The arrangements of resources in an Organizing System follow or embody one or more organizing principles that enable the Organizing System to achieve its purposes. Organizing principles are directives for the design or arrangement of a collection of resources that are ideally expressed in a way that does not assume any particular implementation or realization. We call this design philosophy “Architectural Thinking” (“Architectural Thinking”.)
When we organize a bookshelf, home office, kitchen, or the MP3 files on our music player, the resources themselves might be new and modern but many of the principles that govern their organization are those that have influenced the design of Organizing Systems for thousands of years. For example, we organize many collections of resources using the properties that are easiest to perceive, or whose values vary the most among the items in the collection, because these principles make it easy to locate a particular resource. We also group together resources that we often use together, we make resources that we use often more accessible than those we use infrequently, and we put rare or unique resources where we can protect them. Very general and abstract organizing principles are sometimes called design heuristics (e.g., “make things easier to find”). More specific and commonly used organizing principles include alphabetical ordering (arranging resources according to their names) and chronological ordering (arranging resources according to the date of their creation or other important event in the lifetime of the resource). Some organizing principles sort resources into pre-defined categories and other organizing principles rely on novel combinations of resource properties to create new categories.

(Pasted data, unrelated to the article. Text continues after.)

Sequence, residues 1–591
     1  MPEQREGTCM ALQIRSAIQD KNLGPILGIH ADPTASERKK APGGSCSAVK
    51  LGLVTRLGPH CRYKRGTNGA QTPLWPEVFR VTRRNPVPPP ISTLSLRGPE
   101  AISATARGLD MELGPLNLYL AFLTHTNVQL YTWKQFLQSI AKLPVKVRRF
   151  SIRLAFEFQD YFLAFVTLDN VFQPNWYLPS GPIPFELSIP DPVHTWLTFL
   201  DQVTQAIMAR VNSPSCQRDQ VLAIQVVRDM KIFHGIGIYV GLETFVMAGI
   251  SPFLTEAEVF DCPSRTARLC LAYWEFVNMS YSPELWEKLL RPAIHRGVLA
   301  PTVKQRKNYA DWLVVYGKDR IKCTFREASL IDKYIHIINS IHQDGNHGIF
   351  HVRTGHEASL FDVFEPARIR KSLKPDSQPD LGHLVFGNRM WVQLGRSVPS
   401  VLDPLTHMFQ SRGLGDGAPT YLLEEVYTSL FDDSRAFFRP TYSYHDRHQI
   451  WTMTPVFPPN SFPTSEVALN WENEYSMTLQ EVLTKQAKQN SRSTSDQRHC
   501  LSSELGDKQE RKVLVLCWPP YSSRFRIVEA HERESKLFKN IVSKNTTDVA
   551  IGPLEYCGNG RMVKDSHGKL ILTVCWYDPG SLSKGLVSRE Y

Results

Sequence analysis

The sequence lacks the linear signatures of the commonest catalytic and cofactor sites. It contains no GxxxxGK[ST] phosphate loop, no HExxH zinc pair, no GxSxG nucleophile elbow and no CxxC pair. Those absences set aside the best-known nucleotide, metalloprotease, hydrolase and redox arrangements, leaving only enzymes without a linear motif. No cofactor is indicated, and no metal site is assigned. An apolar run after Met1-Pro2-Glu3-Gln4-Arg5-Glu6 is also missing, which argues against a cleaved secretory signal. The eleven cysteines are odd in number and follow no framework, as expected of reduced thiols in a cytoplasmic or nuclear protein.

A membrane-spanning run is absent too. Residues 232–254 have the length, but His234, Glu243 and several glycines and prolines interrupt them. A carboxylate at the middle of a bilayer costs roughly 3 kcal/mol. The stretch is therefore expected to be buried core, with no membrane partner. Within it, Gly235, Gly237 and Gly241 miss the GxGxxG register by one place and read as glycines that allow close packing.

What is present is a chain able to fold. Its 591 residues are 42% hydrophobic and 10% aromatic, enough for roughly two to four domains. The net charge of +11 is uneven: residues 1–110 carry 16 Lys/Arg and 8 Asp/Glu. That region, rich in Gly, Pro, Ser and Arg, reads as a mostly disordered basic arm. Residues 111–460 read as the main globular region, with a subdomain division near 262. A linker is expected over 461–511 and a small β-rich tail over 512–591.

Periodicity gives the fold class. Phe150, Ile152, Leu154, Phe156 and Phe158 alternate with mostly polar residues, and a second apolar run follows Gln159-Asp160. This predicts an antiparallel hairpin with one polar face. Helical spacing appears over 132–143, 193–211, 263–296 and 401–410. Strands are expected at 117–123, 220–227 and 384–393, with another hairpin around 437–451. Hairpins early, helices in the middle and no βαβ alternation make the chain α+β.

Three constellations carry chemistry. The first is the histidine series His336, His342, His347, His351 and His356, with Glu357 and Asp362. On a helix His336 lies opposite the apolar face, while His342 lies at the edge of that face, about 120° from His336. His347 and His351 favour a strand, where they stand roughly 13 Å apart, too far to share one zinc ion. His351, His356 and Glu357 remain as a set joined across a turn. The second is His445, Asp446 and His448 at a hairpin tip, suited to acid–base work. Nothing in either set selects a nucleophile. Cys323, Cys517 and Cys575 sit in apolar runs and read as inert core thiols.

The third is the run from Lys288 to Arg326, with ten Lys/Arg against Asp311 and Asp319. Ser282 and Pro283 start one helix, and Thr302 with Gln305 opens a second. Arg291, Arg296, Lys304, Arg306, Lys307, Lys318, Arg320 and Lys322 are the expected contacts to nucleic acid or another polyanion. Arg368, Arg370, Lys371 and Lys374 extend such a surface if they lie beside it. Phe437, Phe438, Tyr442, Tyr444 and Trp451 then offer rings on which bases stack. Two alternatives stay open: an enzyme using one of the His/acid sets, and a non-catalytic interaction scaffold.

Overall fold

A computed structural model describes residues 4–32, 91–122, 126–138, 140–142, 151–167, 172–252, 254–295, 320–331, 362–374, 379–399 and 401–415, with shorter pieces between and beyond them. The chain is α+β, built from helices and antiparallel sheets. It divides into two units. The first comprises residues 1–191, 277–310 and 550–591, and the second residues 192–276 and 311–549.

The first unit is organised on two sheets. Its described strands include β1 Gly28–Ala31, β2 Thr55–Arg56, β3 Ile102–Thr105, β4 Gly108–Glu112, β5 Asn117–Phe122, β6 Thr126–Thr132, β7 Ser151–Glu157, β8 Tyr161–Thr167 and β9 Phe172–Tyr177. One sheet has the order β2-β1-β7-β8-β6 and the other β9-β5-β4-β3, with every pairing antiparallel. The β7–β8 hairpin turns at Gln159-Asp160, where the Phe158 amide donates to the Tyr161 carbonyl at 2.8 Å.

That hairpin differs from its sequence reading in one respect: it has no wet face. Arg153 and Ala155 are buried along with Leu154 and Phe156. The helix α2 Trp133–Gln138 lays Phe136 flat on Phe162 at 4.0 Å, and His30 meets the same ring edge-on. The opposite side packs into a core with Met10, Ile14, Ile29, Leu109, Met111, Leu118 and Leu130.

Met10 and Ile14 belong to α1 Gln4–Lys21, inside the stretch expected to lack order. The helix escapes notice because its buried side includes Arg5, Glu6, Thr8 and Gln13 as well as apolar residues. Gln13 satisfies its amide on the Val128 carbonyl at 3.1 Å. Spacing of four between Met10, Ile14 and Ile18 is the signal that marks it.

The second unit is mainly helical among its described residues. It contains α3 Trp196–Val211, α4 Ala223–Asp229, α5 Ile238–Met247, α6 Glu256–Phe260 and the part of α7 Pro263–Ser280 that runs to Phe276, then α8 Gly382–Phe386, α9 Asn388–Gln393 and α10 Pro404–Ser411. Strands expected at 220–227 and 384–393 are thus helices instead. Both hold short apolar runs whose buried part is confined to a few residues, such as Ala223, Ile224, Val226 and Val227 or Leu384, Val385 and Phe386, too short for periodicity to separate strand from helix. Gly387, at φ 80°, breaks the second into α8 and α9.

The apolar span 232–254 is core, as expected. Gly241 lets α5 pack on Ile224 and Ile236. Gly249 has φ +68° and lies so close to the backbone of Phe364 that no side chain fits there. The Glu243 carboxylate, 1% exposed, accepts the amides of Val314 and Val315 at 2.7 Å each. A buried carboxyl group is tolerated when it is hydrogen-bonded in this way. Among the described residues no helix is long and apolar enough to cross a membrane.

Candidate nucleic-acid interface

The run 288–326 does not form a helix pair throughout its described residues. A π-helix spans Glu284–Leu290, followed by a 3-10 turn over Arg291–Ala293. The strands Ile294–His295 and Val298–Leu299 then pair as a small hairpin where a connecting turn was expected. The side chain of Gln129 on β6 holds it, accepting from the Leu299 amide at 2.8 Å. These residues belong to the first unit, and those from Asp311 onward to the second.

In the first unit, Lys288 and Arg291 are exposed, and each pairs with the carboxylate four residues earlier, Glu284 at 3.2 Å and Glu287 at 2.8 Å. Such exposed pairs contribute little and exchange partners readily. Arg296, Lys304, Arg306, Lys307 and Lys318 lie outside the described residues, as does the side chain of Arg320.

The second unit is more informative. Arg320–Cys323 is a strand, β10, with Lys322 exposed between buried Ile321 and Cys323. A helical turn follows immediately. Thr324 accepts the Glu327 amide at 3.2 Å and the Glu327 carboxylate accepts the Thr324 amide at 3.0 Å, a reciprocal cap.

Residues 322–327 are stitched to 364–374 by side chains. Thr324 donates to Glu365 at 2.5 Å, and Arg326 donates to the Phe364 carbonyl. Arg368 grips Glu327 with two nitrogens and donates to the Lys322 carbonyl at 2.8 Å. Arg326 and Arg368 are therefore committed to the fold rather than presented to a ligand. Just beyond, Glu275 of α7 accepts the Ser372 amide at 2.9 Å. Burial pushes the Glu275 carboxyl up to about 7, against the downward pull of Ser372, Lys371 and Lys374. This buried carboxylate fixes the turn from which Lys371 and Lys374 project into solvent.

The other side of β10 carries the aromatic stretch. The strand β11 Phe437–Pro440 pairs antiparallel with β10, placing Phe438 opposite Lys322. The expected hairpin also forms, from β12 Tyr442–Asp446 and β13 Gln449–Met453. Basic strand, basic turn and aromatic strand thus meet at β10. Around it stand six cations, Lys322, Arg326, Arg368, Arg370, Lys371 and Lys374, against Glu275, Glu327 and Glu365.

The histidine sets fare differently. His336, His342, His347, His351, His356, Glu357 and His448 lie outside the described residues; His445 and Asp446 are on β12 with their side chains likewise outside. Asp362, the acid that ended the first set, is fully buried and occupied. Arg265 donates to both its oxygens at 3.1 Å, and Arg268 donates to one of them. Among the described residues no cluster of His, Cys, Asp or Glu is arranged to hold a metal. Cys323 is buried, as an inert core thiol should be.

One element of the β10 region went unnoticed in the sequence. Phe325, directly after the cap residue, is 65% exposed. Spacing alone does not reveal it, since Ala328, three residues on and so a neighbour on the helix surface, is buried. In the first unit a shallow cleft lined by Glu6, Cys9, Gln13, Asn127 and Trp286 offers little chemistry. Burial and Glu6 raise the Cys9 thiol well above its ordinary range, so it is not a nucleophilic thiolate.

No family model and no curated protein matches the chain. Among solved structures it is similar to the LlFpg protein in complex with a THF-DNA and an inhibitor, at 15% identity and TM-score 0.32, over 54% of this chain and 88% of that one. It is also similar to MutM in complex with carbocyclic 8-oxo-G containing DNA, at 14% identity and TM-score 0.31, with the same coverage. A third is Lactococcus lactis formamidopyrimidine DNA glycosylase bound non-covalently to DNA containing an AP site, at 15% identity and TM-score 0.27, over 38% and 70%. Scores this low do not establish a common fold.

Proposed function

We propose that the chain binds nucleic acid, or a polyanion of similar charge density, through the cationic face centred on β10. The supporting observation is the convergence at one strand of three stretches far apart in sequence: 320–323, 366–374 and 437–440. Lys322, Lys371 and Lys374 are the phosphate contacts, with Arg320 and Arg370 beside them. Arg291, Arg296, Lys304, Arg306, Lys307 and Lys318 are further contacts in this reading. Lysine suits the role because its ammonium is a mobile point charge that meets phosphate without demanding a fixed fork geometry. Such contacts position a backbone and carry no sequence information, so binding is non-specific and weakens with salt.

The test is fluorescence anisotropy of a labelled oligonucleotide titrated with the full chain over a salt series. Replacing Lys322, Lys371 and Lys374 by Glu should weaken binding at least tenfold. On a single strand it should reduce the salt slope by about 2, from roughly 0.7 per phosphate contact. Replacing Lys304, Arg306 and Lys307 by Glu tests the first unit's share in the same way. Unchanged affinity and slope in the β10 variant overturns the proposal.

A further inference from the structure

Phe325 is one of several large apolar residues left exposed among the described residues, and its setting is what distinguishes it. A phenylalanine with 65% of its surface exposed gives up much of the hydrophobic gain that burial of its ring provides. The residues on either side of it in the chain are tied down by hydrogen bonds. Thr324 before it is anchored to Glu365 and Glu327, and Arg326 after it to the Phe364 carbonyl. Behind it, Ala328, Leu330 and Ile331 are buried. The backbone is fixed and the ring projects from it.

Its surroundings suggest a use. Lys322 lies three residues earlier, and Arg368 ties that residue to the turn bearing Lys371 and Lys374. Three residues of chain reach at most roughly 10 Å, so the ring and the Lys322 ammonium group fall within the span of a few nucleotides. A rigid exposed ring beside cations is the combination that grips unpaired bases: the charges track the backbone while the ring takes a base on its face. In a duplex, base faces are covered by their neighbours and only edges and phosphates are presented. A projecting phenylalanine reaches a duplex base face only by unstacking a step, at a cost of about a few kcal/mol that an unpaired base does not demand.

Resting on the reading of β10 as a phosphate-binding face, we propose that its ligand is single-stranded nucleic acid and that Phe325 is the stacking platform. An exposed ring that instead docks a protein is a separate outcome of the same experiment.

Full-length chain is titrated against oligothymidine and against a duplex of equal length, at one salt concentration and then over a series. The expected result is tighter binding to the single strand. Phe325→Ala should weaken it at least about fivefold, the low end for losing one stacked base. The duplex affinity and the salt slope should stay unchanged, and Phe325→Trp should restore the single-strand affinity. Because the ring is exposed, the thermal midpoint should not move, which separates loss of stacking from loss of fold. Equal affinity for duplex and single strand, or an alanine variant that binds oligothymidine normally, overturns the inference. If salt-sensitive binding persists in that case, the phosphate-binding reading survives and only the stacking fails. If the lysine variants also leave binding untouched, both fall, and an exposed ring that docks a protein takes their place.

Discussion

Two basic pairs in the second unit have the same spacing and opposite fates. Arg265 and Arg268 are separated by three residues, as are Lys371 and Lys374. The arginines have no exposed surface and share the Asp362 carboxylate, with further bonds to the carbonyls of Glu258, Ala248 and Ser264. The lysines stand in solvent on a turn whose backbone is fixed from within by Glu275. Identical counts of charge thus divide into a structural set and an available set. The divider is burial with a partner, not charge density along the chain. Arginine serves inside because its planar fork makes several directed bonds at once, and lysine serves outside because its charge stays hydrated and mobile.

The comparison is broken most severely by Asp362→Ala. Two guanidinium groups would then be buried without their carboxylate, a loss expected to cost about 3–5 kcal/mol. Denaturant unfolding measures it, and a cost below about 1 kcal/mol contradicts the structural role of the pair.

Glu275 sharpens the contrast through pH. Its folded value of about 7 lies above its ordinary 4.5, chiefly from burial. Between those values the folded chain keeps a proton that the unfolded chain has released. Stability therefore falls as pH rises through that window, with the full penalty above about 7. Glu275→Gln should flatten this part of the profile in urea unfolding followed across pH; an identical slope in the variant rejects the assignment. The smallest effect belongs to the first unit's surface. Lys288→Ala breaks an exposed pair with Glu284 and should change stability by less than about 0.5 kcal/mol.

Because this book was motivated by the goal of broadening the study of information organization beyond its roots in library and information science, it emphasizes organizing principles with a specific functional purpose like identifying, selecting, retrieving, or preserving resources. However, for thousands of years people have systematically collected things, information about those things, and observations of all kinds, organizing them in an effort to understand how their world works; the Babylonians created inventories and star charts; ancient Egyptians tracked the annual Nile floods; and, Mesoamericans created astronomical calendars. The term sensemaking is often used to describe this generic and less specific purpose of organizing to derive meaning from experience by fitting new events or observations into what they already know.
Expressing organizing principles in a way that separates design and implementation aligns well with the three-tier architecture familiar to software architects and designers: user interface (implementation of interactions), business logic (intentional arrangement), and data (resources). (See the sidebar, The Three Tiers of Organizing Systems.)
The logical separation between organizing principles and their implementation is easy to see with digital resources. In a digital library it does not matter to a user if the resources are stored locally or retrieved over a network. The essence of a library Organizing System emerges from the resources that it organizes and the interactions with the resources that it enables. Users typically care a lot about the interactions they can perform, like the kinds of searching and sorting allowed by the online library catalog. How the resources and interactions are implemented are typically of little concern.